I was greatly impacted by a meeting that I had nearly 15 years ago with my pastor at the time. During the meeting I was talking about my desire for ministry and a great burden for the gospel to be clearly preached and central to all that we do.
In the midst of the conversation the pastor got annoyed. His annoyance seemed to be connected to my burdens and how they communicated a referendum on his ministry.
At one point in the conversation he said something that left a tremendous impact on me. He said baldly:
When you get old you come to see that things don’t work out so neatly. We’ll see if you have the same passion in 10 years.
His statement did two things.
First, it knocked me off my feet. I respected this man. He was a bit of a hero to me. I listened when he pulled from the bag of his experience and dropped some calculated wisdom like this. What if he was right? What if the passion and conviction goes stale? I was taken back to say the least.
Second, it galvanized me. His statement was basically a challenge to the grace, power and faithfulness of God. I wondered, “Do you think God will lose steam? Will his grace go flat? What are you saying?”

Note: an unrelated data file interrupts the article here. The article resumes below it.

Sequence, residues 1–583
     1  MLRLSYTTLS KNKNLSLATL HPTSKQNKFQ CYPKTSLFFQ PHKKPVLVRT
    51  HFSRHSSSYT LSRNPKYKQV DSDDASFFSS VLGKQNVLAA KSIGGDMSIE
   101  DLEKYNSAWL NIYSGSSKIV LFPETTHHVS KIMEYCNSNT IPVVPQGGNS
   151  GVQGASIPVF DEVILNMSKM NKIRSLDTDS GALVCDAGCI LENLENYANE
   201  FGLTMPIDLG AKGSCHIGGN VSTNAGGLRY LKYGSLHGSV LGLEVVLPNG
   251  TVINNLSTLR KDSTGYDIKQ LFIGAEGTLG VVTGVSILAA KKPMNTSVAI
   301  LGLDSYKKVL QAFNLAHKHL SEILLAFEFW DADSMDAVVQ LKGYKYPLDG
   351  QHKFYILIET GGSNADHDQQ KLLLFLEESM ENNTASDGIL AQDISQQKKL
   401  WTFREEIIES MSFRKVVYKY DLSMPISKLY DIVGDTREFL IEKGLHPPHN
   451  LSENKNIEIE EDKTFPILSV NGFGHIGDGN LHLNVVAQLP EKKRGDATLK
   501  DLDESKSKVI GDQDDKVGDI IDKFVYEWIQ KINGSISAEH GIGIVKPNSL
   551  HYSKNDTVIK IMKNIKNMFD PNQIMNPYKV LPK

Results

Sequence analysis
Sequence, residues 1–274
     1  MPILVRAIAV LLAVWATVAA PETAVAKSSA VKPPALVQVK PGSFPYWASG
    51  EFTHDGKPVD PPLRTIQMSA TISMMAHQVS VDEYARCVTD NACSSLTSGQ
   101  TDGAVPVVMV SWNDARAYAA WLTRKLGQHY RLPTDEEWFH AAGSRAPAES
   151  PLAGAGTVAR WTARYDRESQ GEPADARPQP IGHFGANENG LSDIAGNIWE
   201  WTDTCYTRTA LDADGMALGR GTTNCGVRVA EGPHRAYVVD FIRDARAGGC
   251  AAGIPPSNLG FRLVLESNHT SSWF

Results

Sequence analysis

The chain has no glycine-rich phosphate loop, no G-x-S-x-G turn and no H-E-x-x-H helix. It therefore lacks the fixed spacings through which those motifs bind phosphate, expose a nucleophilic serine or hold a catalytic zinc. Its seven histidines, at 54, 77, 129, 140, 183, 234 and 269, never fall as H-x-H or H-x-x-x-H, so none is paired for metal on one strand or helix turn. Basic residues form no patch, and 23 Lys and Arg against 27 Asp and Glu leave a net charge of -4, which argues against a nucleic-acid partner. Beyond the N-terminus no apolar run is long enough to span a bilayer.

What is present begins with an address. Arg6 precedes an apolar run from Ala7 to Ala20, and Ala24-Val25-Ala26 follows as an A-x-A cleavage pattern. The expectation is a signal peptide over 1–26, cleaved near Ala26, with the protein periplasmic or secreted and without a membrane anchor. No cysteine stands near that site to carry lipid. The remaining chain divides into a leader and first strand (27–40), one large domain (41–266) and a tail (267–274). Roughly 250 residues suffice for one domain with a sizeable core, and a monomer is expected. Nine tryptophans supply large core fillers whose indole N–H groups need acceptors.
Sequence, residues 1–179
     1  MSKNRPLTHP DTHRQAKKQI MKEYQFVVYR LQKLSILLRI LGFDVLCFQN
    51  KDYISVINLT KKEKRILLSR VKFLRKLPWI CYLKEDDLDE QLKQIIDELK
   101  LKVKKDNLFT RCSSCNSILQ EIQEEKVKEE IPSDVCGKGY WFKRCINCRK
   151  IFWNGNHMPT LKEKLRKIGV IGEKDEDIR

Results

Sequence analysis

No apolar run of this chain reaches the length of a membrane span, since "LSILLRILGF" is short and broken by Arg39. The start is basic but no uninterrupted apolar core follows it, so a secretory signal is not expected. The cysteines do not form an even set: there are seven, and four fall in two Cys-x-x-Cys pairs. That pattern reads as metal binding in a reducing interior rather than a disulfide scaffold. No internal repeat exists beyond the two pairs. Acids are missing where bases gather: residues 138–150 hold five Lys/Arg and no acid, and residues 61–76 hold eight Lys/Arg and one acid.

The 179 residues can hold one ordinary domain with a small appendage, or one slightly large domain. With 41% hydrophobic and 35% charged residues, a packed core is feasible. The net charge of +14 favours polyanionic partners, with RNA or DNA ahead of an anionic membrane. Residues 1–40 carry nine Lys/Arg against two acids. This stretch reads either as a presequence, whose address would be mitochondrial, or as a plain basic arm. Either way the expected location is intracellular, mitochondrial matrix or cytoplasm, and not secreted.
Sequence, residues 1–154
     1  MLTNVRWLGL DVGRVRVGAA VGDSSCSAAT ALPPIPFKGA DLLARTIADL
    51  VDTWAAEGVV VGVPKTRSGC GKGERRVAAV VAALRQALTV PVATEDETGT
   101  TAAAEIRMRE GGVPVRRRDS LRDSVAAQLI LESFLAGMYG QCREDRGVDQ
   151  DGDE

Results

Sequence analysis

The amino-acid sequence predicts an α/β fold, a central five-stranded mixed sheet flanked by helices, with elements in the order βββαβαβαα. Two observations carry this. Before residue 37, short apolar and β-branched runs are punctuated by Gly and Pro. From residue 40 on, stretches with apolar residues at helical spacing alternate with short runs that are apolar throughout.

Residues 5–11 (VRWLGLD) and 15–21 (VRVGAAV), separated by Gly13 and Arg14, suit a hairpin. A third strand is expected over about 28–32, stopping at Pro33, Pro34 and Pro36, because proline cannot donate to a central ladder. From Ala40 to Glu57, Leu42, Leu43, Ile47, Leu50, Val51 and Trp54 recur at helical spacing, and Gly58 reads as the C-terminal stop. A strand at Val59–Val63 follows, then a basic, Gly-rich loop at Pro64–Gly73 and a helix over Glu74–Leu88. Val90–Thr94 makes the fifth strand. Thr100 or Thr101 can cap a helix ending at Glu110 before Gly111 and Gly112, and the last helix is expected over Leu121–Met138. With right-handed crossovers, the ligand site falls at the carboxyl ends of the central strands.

Over the last 15 years I have replayed the conversation in my head. I have thought about those words. I hear them again and again. And I come back to them and say, “God’s grace is not flat! The glories of calvary will never go stale! Don’t project your narrative on the normative pattern of a Christian life!”
Here I am again, 15 years later, in the same time of year, and I’ll say it again. God’s grace does not go flat. His heavenly manna in the gospel does not mold or go stale. Part of me wants to see him and say, “How you like me now!” But more, it’s this grace of God, so, “How you like Him now?!”
This guy taught me many things but none more practical and lasting than when he challenged God’s grace and faithfulness. That day has caused me to marvel at God in a myriad of ways. For this I’m thankful.